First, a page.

'The Novelist' Game Review – You Write the Story

Why you can trust Tom's Guide Our writers and editors spend hours analyzing and reviewing products, services, and apps to help find what's best for you. Find out more about how we test, analyze, and rate.

There are no right answers in "The Novelist," an indie game released yesterday (Dec. 11) on Steam for PC and Mac.

Dan Kaplan is a novelist struggling with both his next book and his strained family life. He, his wife Linda and their young son Tommy have rented a house for the summer, and they hope the isolation will help them solve their individual and familial problems. But there's someone else in the house: an entity that will shape their summer and their lives. And that someone else is you.

Created by veteran game designer Kent Hudson, whose credits include "Deux Ex: Invisible War" and "BioShock 2," "The Novelist" is available on Steam for $19.99, and is also available DRM-free on Hudson's own website for the same price.


"The Novelist" is a stealth and exploration game. Players must move unseen through the Kaplans' summer home, collecting information on each character by reading their journals, letters and notes — and even their thoughts and memories — all without being seen.

MORE: 10 Fun, Cheap Steam Games for a Rainy Day

On Story Mode, the player is completely invisible and can move through the house with impunity, but on normal, Stealth Mode, players must stay hidden by "possessing" lamps and other light fixtures.

You're invisible when you're in the lights, but you also can't access the characters' documents or memories from those locations, and you can't possess lights that are switched off. Players can also make the lights flicker, which will cause characters in the room to examine lamps and thus create an opening for the player to slip past unseen.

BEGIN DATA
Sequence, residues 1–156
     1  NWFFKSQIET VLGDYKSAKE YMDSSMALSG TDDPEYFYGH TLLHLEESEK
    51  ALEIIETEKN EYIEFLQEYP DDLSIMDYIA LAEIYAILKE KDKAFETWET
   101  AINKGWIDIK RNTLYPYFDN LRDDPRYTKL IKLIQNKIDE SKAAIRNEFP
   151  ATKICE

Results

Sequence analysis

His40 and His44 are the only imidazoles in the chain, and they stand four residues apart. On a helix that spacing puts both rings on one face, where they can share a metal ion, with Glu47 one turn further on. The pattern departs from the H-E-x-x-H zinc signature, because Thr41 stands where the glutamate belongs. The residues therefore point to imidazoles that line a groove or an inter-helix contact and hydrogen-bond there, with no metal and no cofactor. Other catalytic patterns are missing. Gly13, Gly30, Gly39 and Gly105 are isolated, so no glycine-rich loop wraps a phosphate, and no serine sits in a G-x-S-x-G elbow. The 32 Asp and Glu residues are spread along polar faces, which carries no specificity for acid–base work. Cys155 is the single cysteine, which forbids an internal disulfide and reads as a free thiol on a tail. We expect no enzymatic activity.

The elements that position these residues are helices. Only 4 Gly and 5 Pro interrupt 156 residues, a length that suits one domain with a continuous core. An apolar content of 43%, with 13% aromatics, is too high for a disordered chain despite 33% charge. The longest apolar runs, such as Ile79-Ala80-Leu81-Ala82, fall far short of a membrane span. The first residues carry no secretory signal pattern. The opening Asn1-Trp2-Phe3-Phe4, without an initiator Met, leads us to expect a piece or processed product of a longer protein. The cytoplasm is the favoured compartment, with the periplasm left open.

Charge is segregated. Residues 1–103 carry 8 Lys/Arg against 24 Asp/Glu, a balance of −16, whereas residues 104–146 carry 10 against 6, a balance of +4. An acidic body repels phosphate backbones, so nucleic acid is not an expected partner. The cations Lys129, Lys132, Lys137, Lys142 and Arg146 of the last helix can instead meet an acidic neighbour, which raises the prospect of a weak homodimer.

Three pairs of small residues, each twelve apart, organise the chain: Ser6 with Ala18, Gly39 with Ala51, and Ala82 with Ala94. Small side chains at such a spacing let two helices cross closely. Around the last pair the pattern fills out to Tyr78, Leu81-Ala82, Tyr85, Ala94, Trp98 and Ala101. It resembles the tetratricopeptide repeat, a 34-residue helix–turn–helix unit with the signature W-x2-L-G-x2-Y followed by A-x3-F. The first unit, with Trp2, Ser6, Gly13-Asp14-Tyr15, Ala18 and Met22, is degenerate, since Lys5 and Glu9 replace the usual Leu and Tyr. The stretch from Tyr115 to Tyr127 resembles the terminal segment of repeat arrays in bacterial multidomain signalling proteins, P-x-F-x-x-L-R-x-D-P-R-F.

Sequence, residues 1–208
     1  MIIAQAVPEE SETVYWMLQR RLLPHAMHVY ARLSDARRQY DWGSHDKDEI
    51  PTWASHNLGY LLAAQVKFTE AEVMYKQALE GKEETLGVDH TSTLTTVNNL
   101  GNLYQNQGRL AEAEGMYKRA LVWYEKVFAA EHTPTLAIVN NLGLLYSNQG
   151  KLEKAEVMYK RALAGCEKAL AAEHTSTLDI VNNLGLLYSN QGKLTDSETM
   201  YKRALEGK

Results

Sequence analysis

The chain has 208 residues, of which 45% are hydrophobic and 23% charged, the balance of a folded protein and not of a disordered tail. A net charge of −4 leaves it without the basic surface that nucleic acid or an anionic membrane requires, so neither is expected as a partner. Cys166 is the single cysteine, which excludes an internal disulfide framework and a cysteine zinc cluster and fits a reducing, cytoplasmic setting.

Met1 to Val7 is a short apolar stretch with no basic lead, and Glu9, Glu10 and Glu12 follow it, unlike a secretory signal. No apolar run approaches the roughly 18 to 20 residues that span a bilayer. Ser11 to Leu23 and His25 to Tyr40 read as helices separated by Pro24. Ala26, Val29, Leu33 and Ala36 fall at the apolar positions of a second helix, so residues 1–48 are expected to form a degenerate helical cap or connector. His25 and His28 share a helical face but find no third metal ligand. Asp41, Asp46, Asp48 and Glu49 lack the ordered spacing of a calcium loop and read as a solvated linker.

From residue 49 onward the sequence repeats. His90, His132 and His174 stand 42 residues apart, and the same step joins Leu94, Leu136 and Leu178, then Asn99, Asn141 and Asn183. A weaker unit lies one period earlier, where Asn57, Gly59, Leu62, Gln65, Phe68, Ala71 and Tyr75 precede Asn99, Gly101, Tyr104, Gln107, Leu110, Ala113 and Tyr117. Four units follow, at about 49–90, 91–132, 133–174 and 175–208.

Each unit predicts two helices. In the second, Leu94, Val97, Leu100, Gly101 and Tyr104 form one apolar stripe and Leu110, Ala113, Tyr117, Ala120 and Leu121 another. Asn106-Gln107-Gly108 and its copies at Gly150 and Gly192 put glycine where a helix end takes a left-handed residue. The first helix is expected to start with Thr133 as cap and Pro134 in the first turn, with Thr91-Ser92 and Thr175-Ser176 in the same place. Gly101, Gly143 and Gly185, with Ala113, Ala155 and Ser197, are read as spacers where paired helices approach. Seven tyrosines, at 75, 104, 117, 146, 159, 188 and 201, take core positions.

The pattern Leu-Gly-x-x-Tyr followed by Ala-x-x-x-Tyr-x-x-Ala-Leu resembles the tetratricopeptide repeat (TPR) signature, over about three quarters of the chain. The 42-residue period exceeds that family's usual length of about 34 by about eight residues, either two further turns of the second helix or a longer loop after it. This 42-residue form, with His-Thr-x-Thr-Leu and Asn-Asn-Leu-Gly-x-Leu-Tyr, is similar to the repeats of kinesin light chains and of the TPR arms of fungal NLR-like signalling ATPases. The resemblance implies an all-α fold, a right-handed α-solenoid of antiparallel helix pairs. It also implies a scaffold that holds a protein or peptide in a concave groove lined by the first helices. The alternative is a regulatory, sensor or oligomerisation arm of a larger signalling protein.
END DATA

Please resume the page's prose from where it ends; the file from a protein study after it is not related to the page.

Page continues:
You'll need to be quick, careful and a little bit lucky to gather your information without "spooking" any of the Kaplans.

In each level, or chapter, Dan, Linda and Tommy will have different goals. Collecting all of one character's papers, memories and other effects will reveal his or her current goal, and what the character needs to achieve it. The chapter ends when players choose one, and only one, of the three.

If the other two characters haven't been "spooked" by seeing you, you can also initiate a "compromise" with one of them, which will give that character a small part of what he or she wanted.

No matter what you do, each level will end with at least one disappointed character, and their setbacks and hurt feelings will carry over to the next level. It's these decisions, more than the stealth, that makes "The Novelist" a truly difficult game.


In the game, novelist Dan Kaplan has written two well-received novels, but he's struggling with his third. He hopes spending the summer at an isolated lake house will help him figure out his complicated plot and actually write the book.

Meanwhile, Dan's wife, Linda, relishes the opportunity to focus on her painting, which she had put on hold to raise their son, Tommy. Linda is also worried about her marriage to Dan: her journal entry at the start of the summer reveals they have been growing apart. It'll take effort on both Dan and Linda's parts to reverse course.

Tommy, meanwhile, is a quiet child who has been seriously bullied during the school year. This summer vacation means his tormentors are far away, but so are his friends, and any other kids his age. Tommy also struggles with a reading disability and needs his father's help to get on pace with the rest of his class before he returns to school in the fall.

That's where you, the player, come in. Each player takes the role of a spirit or other supernatural force that seems to haunt the house. The game never really explores the spirit's own backstory, although, between chapters, players can find journals in which former tenants have recounted the strange "tricks of the light" they see, or the "suggestions" that don't seem to come from their own minds.

The spirit "helps" the Kaplans by listening in on their private affairs, determining the choices the family faces and then whispering suggestions into Dan's ear as he sleeps.